Both the International Day of Non-Violence (since 2007) and World Mental Health Day (since 1992) are coming up in the next 10 days. Yet, the World Health Organization (WHO) estimates that 40 million children aged below 15 still fall victim to one or more forms of violence each year. The resulting traumas fluctuate according to the severity of the violence and the child’s personal experience and can often, in the long run, have severe medical and psychosocial consequences.
In 1997, WHO acknowledged violence as an international health crisis, and its prevention as a globally prioritised undertaking. The enormity of the crisis at the global level is so great that World Mental Health Day in 2002 was devoted to the theme “The Effects of Trauma and Violence on Children and Adolescents.”
Yet many countries still do not respect the human rights of children, and governments do not make violence control a priority to reduce and even eradicate this scourge and its attendant traumas.
- 1 in 2 children experience violence every year
- Every 7 minutes, a child dies as a result of violence
- Some 15 million adolescent girls aged 15–19 have experienced forced sex.
- About 10% of the world’s children are not legally protected from corporal punishment.
- Over 1 in 3 students aged 13–15 experience bullying worldwide.
- Approximately 1 in 4 children under the age of 5 – some 176 million – live with a mother who is a victim of intimate partner violence.
- Roughly 3 in 4 children between the ages of 2 and 4 – around 300 million – are regularly subjected to violent discipline by their caregivers.
Although the challenge of violence, generally, and of violence against children, specifically, is extensively recognized in the WHO African Region, there has yet to be a large-scale survey conducted on the proper dimension of the problem in terms of root causes, physical and spiritual indicators, case management and preemptive action.
WHO defines violence to children as child maltreatment in all its forms, i.e., physical and emotional maltreatment, sexual molestation, abandonment or neglect, commercial and other forms of exploitation, causing actual or potential harm to the health of the child, their survival, their development or their dignity in the context of a relation of responsibility, confidence or power.
Child maltreatment often comes with verbal violence, which entails denying children their personality, throwing abusive words at them, prohibiting them from enquiring about their rights, or preventing them from carrying out their activities. Such emotional abuse results in demeaning and denying the child, and the resulting trauma could be medical, causing physical wounds, shock, or severe lesions. Effects could also be psychiatric, leaving a child with memories of a painful event deep-rooted in their brain.
At a WHO conference held in Geneva, in 2001, on the health sector’s response to sexual violence, a survey performed in many countries in the region showed that 36% of girls and 29% of boys say they have been victims of sexual abuse at a young age. In 1991, Save the Children, a nongovernmental organisation issued a document on 700 cases of sexual abuse of children in a single country.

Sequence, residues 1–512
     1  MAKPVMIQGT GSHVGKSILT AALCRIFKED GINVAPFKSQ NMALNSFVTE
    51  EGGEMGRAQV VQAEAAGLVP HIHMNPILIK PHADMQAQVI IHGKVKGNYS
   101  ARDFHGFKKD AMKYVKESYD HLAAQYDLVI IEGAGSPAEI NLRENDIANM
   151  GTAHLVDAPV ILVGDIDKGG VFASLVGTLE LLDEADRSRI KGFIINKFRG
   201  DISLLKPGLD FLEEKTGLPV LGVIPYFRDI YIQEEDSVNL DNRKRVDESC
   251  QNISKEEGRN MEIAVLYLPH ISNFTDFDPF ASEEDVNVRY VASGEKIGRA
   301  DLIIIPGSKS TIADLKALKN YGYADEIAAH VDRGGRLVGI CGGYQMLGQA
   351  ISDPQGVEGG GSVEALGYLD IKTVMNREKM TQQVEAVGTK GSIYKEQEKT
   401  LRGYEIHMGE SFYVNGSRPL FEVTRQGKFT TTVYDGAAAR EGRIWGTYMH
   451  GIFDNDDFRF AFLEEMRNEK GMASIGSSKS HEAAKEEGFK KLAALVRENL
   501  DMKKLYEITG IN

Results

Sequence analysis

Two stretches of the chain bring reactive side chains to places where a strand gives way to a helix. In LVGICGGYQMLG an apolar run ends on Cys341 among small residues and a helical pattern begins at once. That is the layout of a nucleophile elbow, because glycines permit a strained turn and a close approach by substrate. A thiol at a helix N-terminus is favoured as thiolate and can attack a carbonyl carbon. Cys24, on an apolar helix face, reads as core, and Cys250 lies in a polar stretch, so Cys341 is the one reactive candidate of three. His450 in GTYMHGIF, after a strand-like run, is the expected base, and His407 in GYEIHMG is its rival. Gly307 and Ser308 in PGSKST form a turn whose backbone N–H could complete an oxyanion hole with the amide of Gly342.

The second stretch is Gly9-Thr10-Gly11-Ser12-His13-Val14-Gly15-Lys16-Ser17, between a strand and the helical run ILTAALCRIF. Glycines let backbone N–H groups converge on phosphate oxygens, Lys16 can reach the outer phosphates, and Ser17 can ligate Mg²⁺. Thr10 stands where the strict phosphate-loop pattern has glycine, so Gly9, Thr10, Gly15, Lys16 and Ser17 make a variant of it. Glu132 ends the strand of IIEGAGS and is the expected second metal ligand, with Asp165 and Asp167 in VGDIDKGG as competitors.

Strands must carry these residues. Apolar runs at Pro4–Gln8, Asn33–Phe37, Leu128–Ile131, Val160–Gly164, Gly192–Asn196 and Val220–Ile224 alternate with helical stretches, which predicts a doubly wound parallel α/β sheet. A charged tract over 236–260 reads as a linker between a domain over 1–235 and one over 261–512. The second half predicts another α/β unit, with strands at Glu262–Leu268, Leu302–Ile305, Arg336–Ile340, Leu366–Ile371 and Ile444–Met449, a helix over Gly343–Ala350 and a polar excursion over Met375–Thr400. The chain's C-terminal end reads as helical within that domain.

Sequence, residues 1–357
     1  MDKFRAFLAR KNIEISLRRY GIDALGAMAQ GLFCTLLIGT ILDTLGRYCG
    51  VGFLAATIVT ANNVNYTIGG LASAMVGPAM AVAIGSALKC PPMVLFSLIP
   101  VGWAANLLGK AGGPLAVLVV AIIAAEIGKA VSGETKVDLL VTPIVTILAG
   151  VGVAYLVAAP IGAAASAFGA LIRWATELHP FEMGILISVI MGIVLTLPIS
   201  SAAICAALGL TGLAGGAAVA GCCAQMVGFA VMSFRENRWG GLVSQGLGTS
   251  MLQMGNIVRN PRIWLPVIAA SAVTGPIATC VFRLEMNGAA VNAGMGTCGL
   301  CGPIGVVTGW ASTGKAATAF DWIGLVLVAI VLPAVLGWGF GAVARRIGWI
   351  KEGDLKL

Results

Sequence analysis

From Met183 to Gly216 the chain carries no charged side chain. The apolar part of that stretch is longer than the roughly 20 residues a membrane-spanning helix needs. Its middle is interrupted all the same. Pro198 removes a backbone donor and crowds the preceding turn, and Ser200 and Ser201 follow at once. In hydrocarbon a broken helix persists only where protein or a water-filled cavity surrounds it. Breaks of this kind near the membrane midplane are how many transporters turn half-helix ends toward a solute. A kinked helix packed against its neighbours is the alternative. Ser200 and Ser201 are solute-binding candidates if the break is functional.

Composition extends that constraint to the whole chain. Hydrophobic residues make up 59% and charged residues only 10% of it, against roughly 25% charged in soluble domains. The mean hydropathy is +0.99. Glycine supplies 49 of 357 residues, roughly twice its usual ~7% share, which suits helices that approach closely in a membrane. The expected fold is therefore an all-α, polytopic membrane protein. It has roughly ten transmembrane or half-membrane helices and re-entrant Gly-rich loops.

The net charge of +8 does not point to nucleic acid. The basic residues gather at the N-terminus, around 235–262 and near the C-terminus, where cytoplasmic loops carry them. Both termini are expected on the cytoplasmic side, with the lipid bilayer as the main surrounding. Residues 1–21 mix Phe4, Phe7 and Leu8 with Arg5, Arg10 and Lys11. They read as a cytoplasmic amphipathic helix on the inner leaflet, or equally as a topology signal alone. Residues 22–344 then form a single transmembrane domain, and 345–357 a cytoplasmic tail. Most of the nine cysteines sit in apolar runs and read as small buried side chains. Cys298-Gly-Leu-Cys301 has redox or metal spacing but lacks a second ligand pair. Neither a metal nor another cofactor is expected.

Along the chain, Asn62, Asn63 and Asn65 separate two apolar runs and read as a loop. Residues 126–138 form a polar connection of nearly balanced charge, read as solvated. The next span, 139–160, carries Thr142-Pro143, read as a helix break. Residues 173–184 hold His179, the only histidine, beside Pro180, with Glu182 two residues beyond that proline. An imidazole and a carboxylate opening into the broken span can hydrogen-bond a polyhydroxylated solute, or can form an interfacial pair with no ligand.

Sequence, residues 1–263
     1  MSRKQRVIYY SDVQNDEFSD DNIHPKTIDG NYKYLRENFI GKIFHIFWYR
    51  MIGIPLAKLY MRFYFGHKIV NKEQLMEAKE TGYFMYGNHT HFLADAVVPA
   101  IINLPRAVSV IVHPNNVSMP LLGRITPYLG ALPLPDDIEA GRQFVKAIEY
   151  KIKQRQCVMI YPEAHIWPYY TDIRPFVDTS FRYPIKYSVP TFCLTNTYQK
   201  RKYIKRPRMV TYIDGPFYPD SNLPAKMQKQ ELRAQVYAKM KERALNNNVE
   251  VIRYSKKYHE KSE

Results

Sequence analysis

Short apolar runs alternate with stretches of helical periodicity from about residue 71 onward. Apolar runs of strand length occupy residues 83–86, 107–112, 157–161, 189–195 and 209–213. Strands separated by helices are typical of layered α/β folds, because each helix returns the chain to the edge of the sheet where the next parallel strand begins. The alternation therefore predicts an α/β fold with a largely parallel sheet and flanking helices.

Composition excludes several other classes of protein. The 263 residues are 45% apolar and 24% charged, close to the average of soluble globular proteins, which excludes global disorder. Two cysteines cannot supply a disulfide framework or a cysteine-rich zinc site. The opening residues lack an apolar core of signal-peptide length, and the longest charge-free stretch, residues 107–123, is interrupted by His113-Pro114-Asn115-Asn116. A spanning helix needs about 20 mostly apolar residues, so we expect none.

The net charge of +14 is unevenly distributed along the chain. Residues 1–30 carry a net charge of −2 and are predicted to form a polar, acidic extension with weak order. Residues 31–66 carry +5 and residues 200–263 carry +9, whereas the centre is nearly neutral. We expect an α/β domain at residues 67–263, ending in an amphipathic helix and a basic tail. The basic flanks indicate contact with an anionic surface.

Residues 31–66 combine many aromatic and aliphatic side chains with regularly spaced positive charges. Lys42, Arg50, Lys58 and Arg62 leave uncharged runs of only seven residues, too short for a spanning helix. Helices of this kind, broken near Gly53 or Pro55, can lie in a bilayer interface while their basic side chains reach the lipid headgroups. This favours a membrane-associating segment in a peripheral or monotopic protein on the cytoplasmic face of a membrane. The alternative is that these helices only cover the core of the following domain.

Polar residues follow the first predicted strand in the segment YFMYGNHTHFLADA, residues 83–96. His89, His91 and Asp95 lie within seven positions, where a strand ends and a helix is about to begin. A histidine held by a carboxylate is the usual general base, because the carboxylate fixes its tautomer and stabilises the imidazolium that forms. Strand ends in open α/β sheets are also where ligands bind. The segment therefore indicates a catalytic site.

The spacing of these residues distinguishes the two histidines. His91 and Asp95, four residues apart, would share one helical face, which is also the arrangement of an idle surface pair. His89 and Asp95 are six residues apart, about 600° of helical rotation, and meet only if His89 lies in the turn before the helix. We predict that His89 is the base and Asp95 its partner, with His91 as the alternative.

Sexual violence has profound consequences such as physical injury, unwanted pregnancies, sexually transmitted diseases (STDs), including HIV/AIDS, and indirect consequences like alcoholism, drug addiction, and sexual deviance, which can be seen as rebellion and left untreated for years. Sexual violence, especially towards a child, can also cause fear, anxiety, depression, and other disorders involving behaviour, sleep, feeding, and speech. It may even result in self-mutilation, attempted suicide, or suicide.
Female genital mutilation, considered not only a form of sexual violence but also a violation of children’s rights, is such a massive problem in Africa that the WHO has drawn up a responsive plan of action for the African Region.
Children subjected to violence usually experience this within the context of family, the community, or a specific geographical area due to war. In times of war, children exposed to different forms of violence suffer traumas that can disrupt their development process, activate major psychical disorders, and set them on a path of delinquency or even a life of crime.
Many children who are not victims themselves but witnesses to the perpetration of violence can consequently develop violent inclinations themselves. According to studies, such children are likelier to become violent with their partners or children when they become adults than their peers growing up in non-violent homes.
The more extensive the trauma suffered from violence, the more severe the resulting mental and psychosocial difficulties. The challenges are further exacerbated by inadequate prevention activities, particularly a shortage of accessible and affordable treatment.
How can the world end violence against children? By spreading knowledge of what works to prevent violence, assisting those who have suffered generations of violence, and ensuring that solving this problem remains a top priority for governments, communities, and organisations worldwide by making our voices heard.
While we hope that one day there will be an end to violence, the team at HealingLeaves aims to educate the adults responsible for children regarding the impact of trauma resulting from violence and empower them to assist the children in their care with the best possible tools.
‘We owe our children – the most vulnerable citizens in any society – a life free from violence and fear.’ – Nelson Mandela.